What is An EAN Code? 

what is EAN code

Share This Post

EAN stands for European Article Number and was previously known as International Article Number. It is a type of 1D barcode symbology used in the retail industry to identify products throughout their life cycle. EAN barcodes contain product-specific information such as item numbers, prices, weight and more.  

EAN barcodes are one of the most popular and widely used barcode symbologies. In this article, we will dive deeper into what EAN barcodes are, their different types, their structure and more. We will also share the designing and printing requirements of EAN barcodes and the benefits they offer. So, let’s get started!

Refer to our article on what is a barcode to learn more about barcoding technology.

What Are EAN Barcodes - A Deep Explanation

What do you mean by EAN barcode

EAN barcodes are a type of liner barcode symbology comprising a series of parallel bars of varying widths and spaces, with each bar representing a specific character.

EAN barcodes are numeric-only barcodes that can encode numerical digits from 0 to 9. Their data capacity, i.e. the amount of data they can store, varies between 2 to 13 depending on the EAN variant used.

EAN barcode consists of a check digit that helps verify an encoded number’s accuracy. It is calculated based on a specific formula (Modulo 10) and is used to confirm that the data in the barcode has not been altered or damaged. Unfortunately, EAN barcodes do not have any error correction mechanism, meaning they can not be read if the barcode is physically damaged or distorted.

EANs are similar in appearance and functionality to UPCs. The major difference between the two is the geographical region in which they are used – EAN is primarily employed within Europe, while UPC is utilized in other parts of the world.

Initially, the Universal Product Code (UPC-A) was the format being used for product barcodes. However, as demand for product barcodes increased in other locations worldwide, a new variant was developed to meet the needs of global retailers – the EAN Code.

The EAN code is an extension of the original 12-digit Universal Product Code (UPC) system, established in the 1970s by George Laurer. EANs contain an additional number called country code added to the left of the existing UPC codes.

EANs and UPCs are defined in ISO/IEC 15420:2009 standard.

Why Do You Need an EAN Code?

EAN barcodes are important to retailers and supermarkets as they provide a quick and easy way to identify products.

EAN codes can contain information about the product, such as its brand name, item type, size & weight, colour, and any associated promotions or discounts. They help speed up store checkout time and reduce the risk of human error when entering data into systems. 

Furthermore, EAN codes enable companies to accurately record their inventory levels and sales data, which can be used for various business strategies.

How to Recognize an EAN-13 Code and EAN-8 Code?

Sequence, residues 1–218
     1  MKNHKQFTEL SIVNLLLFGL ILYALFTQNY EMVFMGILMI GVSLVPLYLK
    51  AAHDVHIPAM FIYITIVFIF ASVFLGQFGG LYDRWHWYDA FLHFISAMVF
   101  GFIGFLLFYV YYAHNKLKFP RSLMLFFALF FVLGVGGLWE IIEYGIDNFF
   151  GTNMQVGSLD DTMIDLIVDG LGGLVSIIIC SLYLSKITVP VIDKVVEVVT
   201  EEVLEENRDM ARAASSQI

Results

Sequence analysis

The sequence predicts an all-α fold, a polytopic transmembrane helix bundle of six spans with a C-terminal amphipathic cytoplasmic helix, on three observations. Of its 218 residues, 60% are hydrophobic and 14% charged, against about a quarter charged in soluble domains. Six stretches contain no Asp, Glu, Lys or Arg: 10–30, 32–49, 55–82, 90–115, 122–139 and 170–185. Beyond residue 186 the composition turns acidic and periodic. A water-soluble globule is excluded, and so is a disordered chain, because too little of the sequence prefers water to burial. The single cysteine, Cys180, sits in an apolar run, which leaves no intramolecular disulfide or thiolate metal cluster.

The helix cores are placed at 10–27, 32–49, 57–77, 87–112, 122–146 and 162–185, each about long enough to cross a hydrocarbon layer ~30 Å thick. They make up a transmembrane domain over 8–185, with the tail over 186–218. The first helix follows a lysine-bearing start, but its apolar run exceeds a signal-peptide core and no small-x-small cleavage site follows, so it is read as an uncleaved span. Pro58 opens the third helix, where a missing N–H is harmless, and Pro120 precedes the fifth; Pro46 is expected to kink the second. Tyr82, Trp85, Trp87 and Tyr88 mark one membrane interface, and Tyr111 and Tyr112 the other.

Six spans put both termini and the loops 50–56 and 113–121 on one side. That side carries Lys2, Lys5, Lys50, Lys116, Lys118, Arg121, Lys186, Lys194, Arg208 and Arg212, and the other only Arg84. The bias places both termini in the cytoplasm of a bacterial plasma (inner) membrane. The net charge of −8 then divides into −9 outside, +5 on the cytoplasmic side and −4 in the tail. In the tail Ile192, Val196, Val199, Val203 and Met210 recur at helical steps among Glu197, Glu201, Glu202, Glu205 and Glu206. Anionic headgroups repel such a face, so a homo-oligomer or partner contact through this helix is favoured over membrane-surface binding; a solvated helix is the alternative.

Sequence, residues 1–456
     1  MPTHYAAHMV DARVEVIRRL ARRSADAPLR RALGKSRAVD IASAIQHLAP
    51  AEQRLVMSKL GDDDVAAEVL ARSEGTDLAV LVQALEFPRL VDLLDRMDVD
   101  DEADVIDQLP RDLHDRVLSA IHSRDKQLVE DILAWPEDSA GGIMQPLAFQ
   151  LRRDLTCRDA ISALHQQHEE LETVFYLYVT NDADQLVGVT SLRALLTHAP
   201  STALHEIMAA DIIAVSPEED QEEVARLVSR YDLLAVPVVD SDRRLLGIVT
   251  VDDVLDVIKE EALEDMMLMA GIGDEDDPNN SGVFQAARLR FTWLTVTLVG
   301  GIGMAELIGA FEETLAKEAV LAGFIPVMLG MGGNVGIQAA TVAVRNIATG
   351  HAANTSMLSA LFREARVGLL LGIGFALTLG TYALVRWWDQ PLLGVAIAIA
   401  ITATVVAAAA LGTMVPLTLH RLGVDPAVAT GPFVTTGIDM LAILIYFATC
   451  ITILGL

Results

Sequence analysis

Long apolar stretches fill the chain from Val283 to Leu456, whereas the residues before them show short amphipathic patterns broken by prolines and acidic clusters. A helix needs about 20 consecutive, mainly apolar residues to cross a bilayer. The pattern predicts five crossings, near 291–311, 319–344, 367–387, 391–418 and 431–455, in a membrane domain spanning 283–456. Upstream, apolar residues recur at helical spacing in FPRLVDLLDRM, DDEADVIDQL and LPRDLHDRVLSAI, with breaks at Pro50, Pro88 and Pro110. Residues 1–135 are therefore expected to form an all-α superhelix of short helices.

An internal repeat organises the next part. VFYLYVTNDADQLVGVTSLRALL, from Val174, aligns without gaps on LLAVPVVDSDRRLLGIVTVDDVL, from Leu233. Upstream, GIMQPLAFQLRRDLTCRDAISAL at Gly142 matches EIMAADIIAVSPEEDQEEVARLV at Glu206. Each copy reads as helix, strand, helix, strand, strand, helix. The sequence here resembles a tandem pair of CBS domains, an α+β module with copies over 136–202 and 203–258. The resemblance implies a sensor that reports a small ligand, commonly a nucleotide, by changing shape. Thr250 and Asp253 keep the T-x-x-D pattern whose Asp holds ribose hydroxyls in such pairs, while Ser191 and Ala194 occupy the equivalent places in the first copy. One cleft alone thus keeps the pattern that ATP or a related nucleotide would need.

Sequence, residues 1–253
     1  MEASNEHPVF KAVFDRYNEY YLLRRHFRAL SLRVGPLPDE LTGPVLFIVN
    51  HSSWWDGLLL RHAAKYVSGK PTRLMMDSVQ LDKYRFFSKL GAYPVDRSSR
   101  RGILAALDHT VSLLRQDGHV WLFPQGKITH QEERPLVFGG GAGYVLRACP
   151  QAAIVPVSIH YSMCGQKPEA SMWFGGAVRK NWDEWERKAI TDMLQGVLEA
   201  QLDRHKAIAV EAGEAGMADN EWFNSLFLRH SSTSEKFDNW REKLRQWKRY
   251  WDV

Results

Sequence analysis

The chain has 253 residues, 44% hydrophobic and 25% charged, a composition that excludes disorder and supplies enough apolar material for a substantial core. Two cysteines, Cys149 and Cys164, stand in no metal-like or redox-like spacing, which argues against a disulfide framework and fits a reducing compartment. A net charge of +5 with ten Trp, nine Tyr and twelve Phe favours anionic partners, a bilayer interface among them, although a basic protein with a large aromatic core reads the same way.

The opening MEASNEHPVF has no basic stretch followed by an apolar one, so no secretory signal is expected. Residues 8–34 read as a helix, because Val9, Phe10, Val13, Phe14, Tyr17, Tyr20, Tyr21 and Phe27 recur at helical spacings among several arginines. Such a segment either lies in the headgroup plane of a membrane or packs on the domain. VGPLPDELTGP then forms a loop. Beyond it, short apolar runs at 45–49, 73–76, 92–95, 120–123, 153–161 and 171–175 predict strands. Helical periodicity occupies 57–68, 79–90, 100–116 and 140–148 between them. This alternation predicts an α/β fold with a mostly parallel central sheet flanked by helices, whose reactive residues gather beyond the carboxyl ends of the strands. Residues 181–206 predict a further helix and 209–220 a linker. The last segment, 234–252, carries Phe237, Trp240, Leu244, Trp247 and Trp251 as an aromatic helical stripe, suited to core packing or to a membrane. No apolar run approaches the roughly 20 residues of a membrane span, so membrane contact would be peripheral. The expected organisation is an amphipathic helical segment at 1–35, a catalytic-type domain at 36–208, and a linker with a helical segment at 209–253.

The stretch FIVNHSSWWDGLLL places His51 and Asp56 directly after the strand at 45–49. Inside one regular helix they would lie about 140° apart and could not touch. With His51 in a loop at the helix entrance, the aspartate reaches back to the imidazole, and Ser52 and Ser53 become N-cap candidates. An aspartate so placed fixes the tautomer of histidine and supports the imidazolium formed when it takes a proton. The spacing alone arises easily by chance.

Recognising an EAN-13 barcode and an EAN-8 barcode is quite simple.

Both EAN codes always start and end with two parallel, equal-height thin bars. These two parallel, equal-height thin bars are called the “start” and “stop” patterns, respectively. Both barcodes also have two parallel, equal-height thin bars right in the centre of the barcode that separates the left and right halves of the code.

Recognizing THE EAN-13 & EAN-8 barcodes

How Does an EAN Bar Code Work?

EAN barcodes are composed of a series of black and white stripes that contain information about the product, such as its manufacturer’s name, size or weight. Let’s take a look at how an EAN barcode gets decoded through a basic step-by-step process:

  1. First, cashiers or customers scan the EAN barcode of products at the point of sale with a device called a barcode scanner.
  2. The barcode scanner emits a beam of light that gets absorbed by the black bars and reflects from the white background of the EAN barcode creating a pattern of light.
  3. The pattern of light returns and gets captured by an optical sensor in the scanner. This captured pattern of light gets converted into electronic signals.
  4. These electrical signals are then sent to a computer. The computer analyzes and decodes the electronic signals and finds them in a database to obtain product-specific data, such as its manufacturer or price information for that particular product at that time.

Types of EAN Barcodes

Four types of EAN barcodes

Based on the amount of data a barcode can encode, EAN barcodes can be divided into two main types, EAN-13 and EAN-8.

Apart from the two main types, there are two more supplement codes, EAN-2 and EAN-5.

Features of EAN-13 barcode


EAN-13 is the standard version of the EAN barcode and is often referred to as an EAN code. The number “13” in its name refers to the fact that it contains 13 numerical digits (12 digits and a check digit).


EAN-8 is a compact version of the EAN-13 barcode. The number “8” in its name refers to the fact that it contains eight numerical digits (7 digits and a check digit).

EAN-8 is encoded in the same way as UPC-A, but with only four digits (rather than 6) in each half (left and right). It was created for products that do not have enough space to accommodate an EAN-13 code; for example, candy bars, small bottles of shampoo, pencils, cigarettes and chewing gums.

Features of EAN-8 barcode

Supplemental EAN Barcodes

Difference between EAN-2 AND EAN-5 barcodes

Supplemental barcodes are used to provide additional information about a product. They are generally placed on the right-hand side of the EAN or UPC barcode.

EAN supplemental barcodes are of two types, EAN-2 and EAN-5.


EAN-2 is a two-digit supplement to the EAN barcode. It is commonly used in periodicals such as magazines and newspapers to specify the issue number. However, it can also serve other purposes, such as indicating an age restriction or price categorization. 


EAN-5 is a five-digit supplement to the EAN barcode. It is generally used on books, weighed products (like food) and other similar items to indicate the manufacturer’s suggested retail price of that product.